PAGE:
The Southern Influence

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Science  23 Nov 2001:
Vol. 294, Issue 5547, pp. 1619
DOI: 10.1126/science.294.5547.1619b

Changes in oceanic thermohaline circulation, triggered by variations in the flux of glacial melt water to the North Atlantic Ocean that affect the formation rate of North Atlantic Deep Water, can produce rapid dramatic changes in climate. Deep water does not originate exclusively in the North Atlantic, however; it also is made around the edges of Antarctica, where it is referred to as Antarctic Bottom Water. Although most of the attention given to the question of how the modification of sea surface salinity by the addition of glacial melt waters affects thermohaline circulation is still directed at Northern Hemisphere deepwater formation sites, the role of the Southern Ocean is now being investigated more vigorously.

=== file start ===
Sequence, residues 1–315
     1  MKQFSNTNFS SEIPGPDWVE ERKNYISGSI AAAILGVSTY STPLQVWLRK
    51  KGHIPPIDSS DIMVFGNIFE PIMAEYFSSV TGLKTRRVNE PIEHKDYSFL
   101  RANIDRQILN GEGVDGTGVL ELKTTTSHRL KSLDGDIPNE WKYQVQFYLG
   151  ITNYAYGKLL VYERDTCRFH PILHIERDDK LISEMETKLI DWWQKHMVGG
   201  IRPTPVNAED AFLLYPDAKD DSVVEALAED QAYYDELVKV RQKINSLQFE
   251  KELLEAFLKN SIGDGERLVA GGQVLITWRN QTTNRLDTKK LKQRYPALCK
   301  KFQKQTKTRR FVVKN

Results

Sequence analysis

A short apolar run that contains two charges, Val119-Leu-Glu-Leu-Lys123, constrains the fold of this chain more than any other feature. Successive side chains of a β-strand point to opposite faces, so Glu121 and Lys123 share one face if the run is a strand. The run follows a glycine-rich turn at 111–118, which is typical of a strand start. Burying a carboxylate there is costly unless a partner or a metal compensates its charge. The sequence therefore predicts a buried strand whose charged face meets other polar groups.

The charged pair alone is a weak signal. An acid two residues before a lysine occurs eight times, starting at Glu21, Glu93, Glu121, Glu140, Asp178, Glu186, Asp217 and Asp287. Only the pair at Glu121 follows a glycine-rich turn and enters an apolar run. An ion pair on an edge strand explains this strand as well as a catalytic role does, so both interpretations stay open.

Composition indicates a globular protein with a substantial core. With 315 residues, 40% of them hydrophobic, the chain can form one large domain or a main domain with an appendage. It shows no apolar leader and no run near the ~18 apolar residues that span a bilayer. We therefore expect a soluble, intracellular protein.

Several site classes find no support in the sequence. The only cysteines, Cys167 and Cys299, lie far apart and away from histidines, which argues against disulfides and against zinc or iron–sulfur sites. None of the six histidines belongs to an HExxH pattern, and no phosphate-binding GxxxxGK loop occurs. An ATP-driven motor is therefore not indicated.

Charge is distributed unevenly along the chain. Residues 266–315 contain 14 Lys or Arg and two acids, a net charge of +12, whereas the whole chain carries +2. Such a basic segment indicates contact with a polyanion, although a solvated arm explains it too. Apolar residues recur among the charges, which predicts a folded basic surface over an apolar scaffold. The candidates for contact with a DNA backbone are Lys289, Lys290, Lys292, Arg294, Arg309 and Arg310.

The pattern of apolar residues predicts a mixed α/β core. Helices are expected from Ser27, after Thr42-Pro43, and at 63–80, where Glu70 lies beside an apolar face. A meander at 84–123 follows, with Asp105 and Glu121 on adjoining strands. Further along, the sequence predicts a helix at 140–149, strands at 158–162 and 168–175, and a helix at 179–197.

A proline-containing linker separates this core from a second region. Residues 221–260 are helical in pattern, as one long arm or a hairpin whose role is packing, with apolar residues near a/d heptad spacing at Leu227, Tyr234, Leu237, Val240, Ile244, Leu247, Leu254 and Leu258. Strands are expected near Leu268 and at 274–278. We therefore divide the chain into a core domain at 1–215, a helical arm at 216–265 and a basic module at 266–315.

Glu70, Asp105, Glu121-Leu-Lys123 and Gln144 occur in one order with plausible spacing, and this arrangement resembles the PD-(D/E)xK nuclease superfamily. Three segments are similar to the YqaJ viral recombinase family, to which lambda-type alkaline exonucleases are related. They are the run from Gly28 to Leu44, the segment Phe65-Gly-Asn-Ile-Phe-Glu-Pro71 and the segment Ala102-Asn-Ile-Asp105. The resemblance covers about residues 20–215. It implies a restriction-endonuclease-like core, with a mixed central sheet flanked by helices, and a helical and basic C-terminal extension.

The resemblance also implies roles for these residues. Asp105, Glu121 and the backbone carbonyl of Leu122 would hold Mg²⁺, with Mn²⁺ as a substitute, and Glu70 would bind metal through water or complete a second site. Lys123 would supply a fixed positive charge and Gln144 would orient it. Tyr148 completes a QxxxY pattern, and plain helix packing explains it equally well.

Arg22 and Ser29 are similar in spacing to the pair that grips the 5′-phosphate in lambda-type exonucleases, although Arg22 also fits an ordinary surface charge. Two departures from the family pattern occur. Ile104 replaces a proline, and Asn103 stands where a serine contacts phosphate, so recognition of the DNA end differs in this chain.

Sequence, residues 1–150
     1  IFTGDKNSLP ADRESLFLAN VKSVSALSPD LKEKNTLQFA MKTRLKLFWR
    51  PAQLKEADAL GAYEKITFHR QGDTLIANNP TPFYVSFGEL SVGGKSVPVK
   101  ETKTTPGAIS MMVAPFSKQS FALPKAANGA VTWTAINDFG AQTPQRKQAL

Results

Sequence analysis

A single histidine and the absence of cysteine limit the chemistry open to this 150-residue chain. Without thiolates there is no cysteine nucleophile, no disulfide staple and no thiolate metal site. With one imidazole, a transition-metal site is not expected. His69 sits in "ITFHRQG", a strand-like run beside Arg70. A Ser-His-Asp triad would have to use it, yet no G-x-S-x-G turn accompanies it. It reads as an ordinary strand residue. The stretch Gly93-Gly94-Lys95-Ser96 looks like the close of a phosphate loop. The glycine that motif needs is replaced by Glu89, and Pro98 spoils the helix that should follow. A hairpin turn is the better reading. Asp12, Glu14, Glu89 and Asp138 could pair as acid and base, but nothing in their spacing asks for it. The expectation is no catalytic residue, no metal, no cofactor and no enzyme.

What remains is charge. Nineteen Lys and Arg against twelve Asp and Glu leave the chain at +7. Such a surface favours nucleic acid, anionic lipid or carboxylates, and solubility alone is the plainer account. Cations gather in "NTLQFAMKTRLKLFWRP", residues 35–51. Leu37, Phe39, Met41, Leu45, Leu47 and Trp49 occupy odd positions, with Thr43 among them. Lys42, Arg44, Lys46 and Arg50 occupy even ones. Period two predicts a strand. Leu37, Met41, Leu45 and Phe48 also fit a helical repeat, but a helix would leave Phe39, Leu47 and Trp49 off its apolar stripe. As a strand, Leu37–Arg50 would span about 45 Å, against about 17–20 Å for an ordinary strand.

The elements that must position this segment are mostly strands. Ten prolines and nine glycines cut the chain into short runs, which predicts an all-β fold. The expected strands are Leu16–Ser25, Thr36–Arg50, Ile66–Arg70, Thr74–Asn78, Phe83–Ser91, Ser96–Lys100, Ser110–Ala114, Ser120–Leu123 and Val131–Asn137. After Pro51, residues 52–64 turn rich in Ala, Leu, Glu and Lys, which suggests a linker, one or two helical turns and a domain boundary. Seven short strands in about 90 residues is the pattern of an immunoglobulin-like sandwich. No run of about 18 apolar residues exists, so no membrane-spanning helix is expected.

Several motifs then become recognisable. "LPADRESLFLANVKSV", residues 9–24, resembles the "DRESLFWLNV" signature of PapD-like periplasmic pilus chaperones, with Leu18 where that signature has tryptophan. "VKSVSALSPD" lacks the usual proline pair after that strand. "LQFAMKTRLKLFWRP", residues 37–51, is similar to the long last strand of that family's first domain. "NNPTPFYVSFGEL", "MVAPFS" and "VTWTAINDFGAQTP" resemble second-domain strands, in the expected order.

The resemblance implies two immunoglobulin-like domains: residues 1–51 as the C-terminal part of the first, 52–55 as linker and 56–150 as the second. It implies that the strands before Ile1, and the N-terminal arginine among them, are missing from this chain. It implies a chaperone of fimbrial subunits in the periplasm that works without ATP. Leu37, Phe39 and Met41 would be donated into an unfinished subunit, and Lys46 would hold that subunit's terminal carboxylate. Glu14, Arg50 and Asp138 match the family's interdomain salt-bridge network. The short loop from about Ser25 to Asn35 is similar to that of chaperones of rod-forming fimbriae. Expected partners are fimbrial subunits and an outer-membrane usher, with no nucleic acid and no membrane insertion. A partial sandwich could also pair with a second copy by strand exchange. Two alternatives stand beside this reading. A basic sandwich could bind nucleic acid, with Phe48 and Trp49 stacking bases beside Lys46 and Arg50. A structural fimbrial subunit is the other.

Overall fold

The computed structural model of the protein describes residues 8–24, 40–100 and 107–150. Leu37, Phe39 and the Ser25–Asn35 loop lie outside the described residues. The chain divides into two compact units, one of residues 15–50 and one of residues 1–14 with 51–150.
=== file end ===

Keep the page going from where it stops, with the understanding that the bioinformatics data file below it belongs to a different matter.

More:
Seidov et al. use an ocean circulation model to examine the character of deepwater formation as a function of systematic changes in freshwater fluxes in both the Northern and Southern Hemispheres. They find that thermohaline circulation is driven by both deepwater sources and that the Southern Ocean can overpower the North Atlantic and become a major factor in long-term climate change, illustrating the importance of high-latitude freshwater fluxes in governing climate.—HJS

Global Planet. Change30, 257 (2001).

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